First time to Tokyo? Been quite a few times? We came up with an extensive list of things to do in Tokyo, explorable by area, purpose, as well as a general transportation guide. Whether you’re a tourist or you live here, you’ll never run out of things to do!
Table of Contents
- Exploring Tokyo by Area
- Exploring Tokyo by Purpose
- How to Get Around in Tokyo & Useful Passes
Most people visit these areas as a group on their first ever visit to Tokyo. These are some of the places to go shopping and get a feel for the city life in Tokyo. And these are all close to each other!
The order that you visit depends on what you want to do at what time.
However, Harajuku and Omotesando close earlier than Shinjuku and Shibuya, so it should be saved for the middle of the day rather than the end.
Our recommendation is to visit Shinjuku first, then Harajuku & Omotesando, and save Shibuya for last at night.
Shinjuku has many shopping areas and great food options. Usually people go to Shinjuku to eat, and if they have certain shopping needs to take care of. Just be careful because Shinjuku Station can be an overwhelming maze!
For tourists, here are the best places to hit up, especially if you’re moving on to other places later.
Shinjuku Tocho Building - free observatory in the government building
Shinjuku Gyoen - large park in the middle of the city with many gardens
Shinjuku Takashimaya - A huge department store with tons of shops including a 7-story Tokyu Hands for all your shopping needs, Nitori (like a Japanese Ikea), and a Kinokuniya with just English books
Check out our article Shinjuku, Tokyo: Shopping, Food and Entertainment Central for more!
Harajuku & Omotsando
Just 2 stations south of JR Shinjuku Station is JR Harajuku Station. The old station was torn down to build a brand new modern station, and the whole area in front of the station has been renovated as well.
Harajuku is famous for its unique fashion, pop culture, shopping and current trends, while Omotesando (just a short walk from Harajuku Station or 1 station away on the Chiyoda Line) is the more upscale shopping area.
First, take a walk down Takeshita Dori (Takeshita Street). Make sure to wave at the camera above the entrance! Check out all the small shops for trinkets and clothes, as well as shops hidden in the alleyways. Grab a famous Harajuku crepe as a snack, or any of the currently popular sweets in the area.
Once at the end of Takeshita Dori, you can turn right until you reach the next big street and turn left. You’ll find yourself at Omotesando and at the famous Tokyu Plaza building.
Or you could just head straight from Takeshita Dori and you’ll find yourself in the backstreets of Omotesando where the thrift shops and other specialty shops are.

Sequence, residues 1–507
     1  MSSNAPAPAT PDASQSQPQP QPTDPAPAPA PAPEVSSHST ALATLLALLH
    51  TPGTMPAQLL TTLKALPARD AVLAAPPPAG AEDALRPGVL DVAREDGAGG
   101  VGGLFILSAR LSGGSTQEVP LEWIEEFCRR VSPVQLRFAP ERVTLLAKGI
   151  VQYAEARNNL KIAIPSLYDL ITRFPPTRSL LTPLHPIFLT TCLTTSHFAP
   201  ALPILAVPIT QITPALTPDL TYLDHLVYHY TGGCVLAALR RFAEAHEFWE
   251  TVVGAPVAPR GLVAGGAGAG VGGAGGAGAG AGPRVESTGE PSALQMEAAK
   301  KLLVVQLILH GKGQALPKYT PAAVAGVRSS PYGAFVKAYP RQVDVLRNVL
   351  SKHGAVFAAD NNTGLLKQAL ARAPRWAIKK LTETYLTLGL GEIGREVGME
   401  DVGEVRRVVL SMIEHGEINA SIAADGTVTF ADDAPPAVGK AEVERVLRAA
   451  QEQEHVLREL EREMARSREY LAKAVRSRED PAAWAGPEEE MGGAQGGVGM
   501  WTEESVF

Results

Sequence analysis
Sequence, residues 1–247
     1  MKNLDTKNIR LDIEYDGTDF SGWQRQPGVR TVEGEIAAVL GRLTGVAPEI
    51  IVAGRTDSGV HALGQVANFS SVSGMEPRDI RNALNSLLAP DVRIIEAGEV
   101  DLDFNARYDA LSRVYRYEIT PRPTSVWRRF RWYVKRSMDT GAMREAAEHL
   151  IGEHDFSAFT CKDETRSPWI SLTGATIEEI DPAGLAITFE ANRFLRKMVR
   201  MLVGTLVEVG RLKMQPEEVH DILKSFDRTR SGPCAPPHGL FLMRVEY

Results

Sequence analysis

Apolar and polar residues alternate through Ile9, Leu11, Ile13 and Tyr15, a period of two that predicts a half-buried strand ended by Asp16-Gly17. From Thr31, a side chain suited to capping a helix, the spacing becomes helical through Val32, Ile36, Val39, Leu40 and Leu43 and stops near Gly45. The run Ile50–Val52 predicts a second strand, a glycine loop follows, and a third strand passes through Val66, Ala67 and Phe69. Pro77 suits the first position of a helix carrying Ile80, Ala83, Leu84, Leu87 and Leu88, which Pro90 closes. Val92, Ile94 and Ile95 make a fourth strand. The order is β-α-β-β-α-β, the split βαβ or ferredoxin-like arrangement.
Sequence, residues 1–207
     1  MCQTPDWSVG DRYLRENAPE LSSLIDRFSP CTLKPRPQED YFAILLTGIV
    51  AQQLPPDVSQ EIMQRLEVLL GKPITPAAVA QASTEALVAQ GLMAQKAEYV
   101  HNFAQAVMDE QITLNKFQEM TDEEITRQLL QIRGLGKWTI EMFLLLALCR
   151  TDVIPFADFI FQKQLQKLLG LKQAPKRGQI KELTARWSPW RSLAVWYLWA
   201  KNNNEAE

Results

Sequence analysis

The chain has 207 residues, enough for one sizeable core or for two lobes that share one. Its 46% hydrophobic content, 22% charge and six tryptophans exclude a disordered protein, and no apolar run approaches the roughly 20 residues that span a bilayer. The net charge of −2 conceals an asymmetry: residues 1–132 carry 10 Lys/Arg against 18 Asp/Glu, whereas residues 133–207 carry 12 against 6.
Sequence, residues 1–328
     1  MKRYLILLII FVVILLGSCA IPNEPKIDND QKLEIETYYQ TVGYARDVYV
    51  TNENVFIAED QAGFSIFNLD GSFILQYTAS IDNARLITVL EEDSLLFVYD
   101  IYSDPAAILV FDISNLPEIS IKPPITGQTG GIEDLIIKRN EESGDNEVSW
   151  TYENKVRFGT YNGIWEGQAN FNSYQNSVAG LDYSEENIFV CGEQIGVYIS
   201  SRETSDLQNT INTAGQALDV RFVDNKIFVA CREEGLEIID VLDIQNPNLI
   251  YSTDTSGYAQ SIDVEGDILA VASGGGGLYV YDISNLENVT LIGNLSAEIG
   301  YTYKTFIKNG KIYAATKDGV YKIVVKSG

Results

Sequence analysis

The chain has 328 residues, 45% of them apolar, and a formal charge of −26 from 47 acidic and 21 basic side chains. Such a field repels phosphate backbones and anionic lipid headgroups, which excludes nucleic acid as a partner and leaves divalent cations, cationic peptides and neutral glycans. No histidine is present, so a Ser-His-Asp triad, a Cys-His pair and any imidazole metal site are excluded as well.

Things to Check out in Harajuku and Omotesando
Meiji Jingu - most famous shrine in Tokyo
Design Gallery Festa - a free student art gallery with changing exhibits
Tokyu Plaza - check out the garden on the roof with a Starbucks
If you have the energy, you can walk down Cat Street all the way and you’ll find yourself in Shibuya! If not, take the Yamanote Line from Harajuku Station or the Fukutoshin Line from Meiji-jingumae Station 1 stop to Shibuya Station.
We saved Shibuya for last because while it’s fun during the day, there’s lots to do at night too! Check out the night view from Shibuya Sky, take photos of Shibuya Crossing with all the flashing lights from display screens and if you’re up for it, dance the night away at the famous clubs or have a drink at some bars with fun themes.
Shibuya has the famous Shibuya Scramble Crossing, where millions cross everyday. People try to find the best spots to take pictures and film the crossing, including trying to grab a seat on the second floor of the Starbucks inside the Tsutaya building.
Iconic Landmarks in Shibuya
Hachiko - the loyal dog statue that serves as a meeting place in front of JR Shibuya Station
Shibuya 109 Building - famous fashion building in Shibuya for over 40 years
Tower Records - 8 (!!!) story building with all kinds of music. Check out Tsutaya and HMV, the 2 other CD shops in Shibuya while you’re at it
Dogenzaka - where many clubs and bars are located in Shibuya
New Buildings & Areas to Check out in Shibuya for the variety of shops and restaurants
Miyashita Park (2020)
Shibuya Stream (2018)
Parco (reopened in 2019)
Shibuya Scramble Square (2019)
Check out this list for more to do in Shibuya!
Shibuya and Shinjuku are located on the west side of Tokyo, so now let’s explore the east!
The northeastern side of Tokyo is where the「下町 shitamachi」- the physically lower areas outside of what used to be the Edo Castle (now its ruins are part of the Imperial Palace grounds) - is located. Many merchants lived here, so it’s still an area where you can find old shops, factories and aspects of “traditional and historical Tokyo”.
Start the day at Ueno Park, one of Tokyo’s largest parks. There’s so many things to do here that if you want, you could spend a whole day here.
take a walk and drop by the large Shinobazu Pond (ride a boat if you want to!)
visit the famous Ueno Zoo
visit one or several of famous museums, including the Tokyo National Museum
take part in events held there, like international food festivals (usually on weekends)
enjoy the cherry blossoms in spring